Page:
Oct 17, 2013 Dave King
Users of Google's web browser, Chrome, might have reason to double-check their consumer credit data. Despite the Mountain View, Calif.-based company's reputation for cutting-edge technology, the security settings of the browser may leave it vulnerable to the theft of sensitive data.
Researchers at Identity Finder recently conducted a study of the security of Chrome among a select number of employees who use it as their primary web browser. The company's Sensitive Data Manager tool found that a range of Chrome's SQLite and protocol buffers store data without many users' knowledge, including Social Security numbers, bank account information and credit card numbers, as well as more basic information like names, home addresses and phone numbers. A subsequent review of Chrome on the computers of all Identity Finder employees who used the browser found that Chrome's storage of this kind of data was all but universal.
Perhaps most worrying is that the browser appeared to lack sufficient protection of user data, including encryption.
"Chrome browser data is unprotected, and can be read by anyone with physical access to the hard drive, access to the file system or simple malware," Identity Finder wrote. "Someone with access to a hard drive, for example after a computer is sold on Craigslist, would have access to all of this information, even if it is deleted."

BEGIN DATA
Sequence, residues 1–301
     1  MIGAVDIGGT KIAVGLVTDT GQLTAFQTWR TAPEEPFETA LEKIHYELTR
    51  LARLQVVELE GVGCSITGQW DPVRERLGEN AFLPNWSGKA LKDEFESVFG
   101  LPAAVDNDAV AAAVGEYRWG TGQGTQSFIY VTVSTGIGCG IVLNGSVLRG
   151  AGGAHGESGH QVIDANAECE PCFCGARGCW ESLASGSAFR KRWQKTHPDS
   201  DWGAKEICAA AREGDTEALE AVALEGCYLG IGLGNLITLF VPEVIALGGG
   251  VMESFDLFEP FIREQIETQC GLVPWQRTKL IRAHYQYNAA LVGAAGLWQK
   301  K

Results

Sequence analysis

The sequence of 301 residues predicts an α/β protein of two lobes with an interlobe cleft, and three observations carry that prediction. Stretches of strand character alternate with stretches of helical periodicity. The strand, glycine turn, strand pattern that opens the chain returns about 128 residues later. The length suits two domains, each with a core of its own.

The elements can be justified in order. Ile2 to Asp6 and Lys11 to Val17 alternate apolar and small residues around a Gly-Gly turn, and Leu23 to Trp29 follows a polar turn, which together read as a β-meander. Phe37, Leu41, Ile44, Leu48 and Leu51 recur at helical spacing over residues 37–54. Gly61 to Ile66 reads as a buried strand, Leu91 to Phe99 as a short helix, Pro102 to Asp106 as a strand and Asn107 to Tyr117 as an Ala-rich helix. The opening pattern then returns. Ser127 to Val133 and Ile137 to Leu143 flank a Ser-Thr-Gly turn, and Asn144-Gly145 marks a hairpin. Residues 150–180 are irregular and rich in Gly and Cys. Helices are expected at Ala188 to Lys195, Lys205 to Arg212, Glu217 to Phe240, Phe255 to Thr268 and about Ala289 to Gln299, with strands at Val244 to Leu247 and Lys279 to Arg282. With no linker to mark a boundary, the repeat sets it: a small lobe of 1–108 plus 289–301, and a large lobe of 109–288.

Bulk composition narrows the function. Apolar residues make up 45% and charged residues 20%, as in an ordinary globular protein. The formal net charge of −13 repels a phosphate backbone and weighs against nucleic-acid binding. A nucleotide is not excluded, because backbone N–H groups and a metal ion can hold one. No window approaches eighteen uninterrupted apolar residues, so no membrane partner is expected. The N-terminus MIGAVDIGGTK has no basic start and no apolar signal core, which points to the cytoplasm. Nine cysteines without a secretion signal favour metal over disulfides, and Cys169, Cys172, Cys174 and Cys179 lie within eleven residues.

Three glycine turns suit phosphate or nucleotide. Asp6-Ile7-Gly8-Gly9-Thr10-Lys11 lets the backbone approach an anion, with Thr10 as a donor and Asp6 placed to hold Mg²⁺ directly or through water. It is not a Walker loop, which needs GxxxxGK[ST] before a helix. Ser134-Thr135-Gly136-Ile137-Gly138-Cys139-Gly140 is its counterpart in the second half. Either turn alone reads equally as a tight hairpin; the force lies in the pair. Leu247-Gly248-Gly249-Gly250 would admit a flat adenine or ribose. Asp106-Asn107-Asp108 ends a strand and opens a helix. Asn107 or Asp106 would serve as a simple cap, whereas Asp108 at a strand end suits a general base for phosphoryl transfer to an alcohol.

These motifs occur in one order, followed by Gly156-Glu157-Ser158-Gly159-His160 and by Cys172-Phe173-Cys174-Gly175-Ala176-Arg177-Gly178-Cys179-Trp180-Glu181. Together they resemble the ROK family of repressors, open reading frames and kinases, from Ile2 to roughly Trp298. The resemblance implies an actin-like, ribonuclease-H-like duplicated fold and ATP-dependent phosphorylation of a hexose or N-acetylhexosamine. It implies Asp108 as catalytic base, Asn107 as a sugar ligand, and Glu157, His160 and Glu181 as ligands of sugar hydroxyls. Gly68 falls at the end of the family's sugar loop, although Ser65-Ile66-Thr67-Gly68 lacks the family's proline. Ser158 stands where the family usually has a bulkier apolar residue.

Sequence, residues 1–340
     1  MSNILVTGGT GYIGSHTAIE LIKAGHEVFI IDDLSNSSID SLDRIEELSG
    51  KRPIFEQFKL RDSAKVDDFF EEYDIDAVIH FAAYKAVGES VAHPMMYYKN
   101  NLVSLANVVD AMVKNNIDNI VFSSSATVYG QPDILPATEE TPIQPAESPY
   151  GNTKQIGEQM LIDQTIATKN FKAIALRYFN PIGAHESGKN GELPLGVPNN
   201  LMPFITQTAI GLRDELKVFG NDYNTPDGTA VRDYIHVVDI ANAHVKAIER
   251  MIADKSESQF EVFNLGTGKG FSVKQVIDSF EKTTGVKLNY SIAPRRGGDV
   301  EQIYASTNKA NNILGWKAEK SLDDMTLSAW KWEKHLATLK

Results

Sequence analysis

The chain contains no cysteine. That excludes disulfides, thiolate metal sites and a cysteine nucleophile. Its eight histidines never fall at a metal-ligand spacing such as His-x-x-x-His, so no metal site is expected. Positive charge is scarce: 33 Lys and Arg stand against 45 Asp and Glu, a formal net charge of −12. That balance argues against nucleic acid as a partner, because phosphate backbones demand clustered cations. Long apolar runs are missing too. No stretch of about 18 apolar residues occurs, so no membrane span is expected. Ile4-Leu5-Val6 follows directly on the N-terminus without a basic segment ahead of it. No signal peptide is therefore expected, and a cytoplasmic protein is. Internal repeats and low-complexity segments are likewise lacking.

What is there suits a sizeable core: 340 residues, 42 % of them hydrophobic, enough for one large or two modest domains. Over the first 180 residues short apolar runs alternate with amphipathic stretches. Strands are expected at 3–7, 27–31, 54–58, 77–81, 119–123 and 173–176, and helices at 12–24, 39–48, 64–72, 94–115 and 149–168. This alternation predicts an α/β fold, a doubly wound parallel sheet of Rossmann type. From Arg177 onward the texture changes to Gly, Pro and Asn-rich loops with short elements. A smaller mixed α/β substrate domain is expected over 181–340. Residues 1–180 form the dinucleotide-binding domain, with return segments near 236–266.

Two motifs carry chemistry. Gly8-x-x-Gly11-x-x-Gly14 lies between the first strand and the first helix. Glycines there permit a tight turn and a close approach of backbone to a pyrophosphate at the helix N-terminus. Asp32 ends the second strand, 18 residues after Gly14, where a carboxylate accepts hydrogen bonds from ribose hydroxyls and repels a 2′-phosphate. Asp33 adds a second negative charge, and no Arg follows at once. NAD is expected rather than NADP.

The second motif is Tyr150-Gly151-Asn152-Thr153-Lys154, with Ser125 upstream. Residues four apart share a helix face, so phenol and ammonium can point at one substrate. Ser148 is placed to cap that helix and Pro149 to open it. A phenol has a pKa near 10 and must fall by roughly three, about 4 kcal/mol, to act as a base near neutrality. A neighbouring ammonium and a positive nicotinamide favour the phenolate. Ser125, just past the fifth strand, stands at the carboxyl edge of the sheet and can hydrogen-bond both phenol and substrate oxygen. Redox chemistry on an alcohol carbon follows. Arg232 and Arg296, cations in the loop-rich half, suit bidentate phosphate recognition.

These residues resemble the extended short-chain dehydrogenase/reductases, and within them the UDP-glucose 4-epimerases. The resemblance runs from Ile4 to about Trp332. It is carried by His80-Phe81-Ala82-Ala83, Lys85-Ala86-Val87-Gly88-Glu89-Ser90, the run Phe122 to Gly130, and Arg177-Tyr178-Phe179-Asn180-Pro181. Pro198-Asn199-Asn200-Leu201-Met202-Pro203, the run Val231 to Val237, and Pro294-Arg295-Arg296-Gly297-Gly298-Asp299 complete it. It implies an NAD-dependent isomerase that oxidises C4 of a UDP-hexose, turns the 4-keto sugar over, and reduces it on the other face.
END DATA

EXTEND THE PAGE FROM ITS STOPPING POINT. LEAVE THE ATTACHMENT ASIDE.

Google counters the claims
The technology giant responded to the allegations of Chrome's poor protection of private data by reaffirming the security of the browser and pointing out details the Identity Finder report missed.
In a statement provided to USA Today, Leslie Miller, spokeswoman for Google, pointed out that much of the control in protecting private data on Chrome is in the hands of the user. The platform will never store particularly sensitive data like credit card and bank account information without first asking permission from the user. Furthermore, all locally stored data in Chrome is encrypted, assuming the user's computer operating system (OS) supports the feature.
However, the response to Miller's comments provided by Identity Finder CEO Todd Feinman suggested that the Google representative may have been leaving out some of the details herself.
"Chrome has several databases and files that store information on users' computers," Feinman noted, according to the news source. "One of those databases is encrypted and designed specifically to store passwords securely. However, other unencrypted databases and files store strings of text regardless of their sensitivity."
Feinman also pointed out in his comments to USA Today that despite the support of encryption on the Windows OS, Chrome itself does not force the OS to encrypt sensitive data in the cache.
What companies can do
While individuals concerned about identity theft enabled by the potential flaws in Chrome should check their consumer credit reports, companies who encourage use of the browser might consider what practices they can put in place to protect themselves and their employees.
The problem is particularly relevant to companies with bring-your-own-device (BYOD) policies, whose employees are accessing Chrome on their smartphones or tablets in addition to computers. According to The Verge, Google has even released an updated version of Chrome for its rival Apple's new operating system iOS 7. Cite World recommended that users not only ask Chrome to sync data on all their devices that run the browser, but to encrypt it as well by using a custom syncing passphrase. A company-wide policy of this kind for Chrome may be of benefit.
Furthermore, HKLiquidations suggested that businesses upgrading their computers should ensure old electronics are disposed of properly, as the hard drives of these devices invariably contain some sensitive information which could be accessed by tech-savvy identity thieves.